in that way I can get an output on the black wire depending on the voltage (0~20mV) I apply on on the feedback pin of the laser diode. Still no clue about the red/white wire. (the original equipment is connected through a shielded cable, and the red/white is connected to the outer mesh of the cable, but NOT to ground)
Title: Re: simple circuit reverse engineering
Post by: ted on May 19, 2018, 08:06 pm
A7p - on the bottom of the page

http://radioskot.ru/forum/9-449-27 (http://radioskot.ru/forum/9-449-27)
Title: Re: simple circuit reverse engineering
Post by: cloxart on May 19, 2018, 08:10 pm
Thanks Ted! so it IS a diode! :)
Title: Re: simple circuit reverse engineering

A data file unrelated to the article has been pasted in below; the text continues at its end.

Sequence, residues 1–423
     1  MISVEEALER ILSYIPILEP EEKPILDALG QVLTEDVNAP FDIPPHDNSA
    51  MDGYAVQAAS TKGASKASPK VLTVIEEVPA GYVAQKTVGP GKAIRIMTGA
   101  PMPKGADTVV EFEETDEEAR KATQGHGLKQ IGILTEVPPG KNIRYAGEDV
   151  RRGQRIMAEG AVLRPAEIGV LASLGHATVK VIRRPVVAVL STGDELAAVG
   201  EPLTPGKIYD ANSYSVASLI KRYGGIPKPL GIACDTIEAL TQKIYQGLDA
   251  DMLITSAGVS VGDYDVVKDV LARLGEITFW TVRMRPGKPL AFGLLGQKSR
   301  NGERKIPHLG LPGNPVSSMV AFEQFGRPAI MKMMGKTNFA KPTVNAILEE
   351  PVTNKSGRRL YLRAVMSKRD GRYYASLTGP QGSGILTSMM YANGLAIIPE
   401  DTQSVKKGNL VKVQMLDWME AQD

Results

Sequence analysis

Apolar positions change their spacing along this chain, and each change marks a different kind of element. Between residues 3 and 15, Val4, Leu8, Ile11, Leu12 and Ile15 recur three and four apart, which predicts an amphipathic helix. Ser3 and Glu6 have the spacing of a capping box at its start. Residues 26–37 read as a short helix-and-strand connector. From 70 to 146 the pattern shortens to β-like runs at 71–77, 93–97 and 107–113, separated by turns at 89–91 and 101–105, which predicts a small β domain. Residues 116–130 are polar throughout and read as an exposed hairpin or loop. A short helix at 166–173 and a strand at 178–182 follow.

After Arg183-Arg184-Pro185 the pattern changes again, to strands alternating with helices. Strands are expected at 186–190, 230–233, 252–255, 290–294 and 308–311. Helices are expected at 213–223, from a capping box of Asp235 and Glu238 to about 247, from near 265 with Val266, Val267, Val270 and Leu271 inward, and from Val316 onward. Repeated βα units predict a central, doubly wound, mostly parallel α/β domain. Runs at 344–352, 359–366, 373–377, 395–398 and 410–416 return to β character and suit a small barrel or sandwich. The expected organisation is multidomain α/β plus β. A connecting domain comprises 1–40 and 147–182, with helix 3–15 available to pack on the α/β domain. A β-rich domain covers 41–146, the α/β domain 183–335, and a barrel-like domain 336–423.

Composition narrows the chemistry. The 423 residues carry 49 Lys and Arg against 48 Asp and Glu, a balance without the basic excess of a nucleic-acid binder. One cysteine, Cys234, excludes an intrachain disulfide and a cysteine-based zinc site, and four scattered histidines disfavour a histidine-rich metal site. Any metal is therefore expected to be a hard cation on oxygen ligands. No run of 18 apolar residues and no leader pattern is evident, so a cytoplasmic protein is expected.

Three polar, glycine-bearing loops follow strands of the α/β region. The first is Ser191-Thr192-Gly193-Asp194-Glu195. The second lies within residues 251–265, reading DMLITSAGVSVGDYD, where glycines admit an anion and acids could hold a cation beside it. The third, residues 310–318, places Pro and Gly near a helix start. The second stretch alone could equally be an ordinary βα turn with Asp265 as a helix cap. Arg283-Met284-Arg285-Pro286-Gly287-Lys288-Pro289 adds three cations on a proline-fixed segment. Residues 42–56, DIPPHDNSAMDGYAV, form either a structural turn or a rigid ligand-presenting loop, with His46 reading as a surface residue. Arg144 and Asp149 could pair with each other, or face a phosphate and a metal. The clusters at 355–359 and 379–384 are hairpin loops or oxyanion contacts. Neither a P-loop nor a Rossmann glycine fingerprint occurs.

Post by: ted on May 19, 2018, 08:18 pm
https://www.master-laptop.com/pages/articles-mesin-bga-services-17/marking-code-component-51.html (https://www.master-laptop.com/pages/articles-mesin-bga-services-17/marking-code-component-51.html)
Title: Re: simple circuit reverse engineering
Post by: ted on May 19, 2018, 08:20 pm
single
http://etronics.free.fr/dossiers/analog/analog10/images/image28.gif (http://etronics.free.fr/dossiers/analog/analog10/images/image28.gif)
Title: Re: simple circuit reverse engineering
Post by: cloxart on May 19, 2018, 08:26 pm
Thanks Ted, that really helps
Title: Re: simple circuit reverse engineering
Post by: ted on May 19, 2018, 08:29 pm
More problems ?
Title: Re: simple circuit reverse engineering
Post by: cloxart on May 19, 2018, 08:35 pm
Oh yes! lol
still dont know what the red/white wire is for, for instance.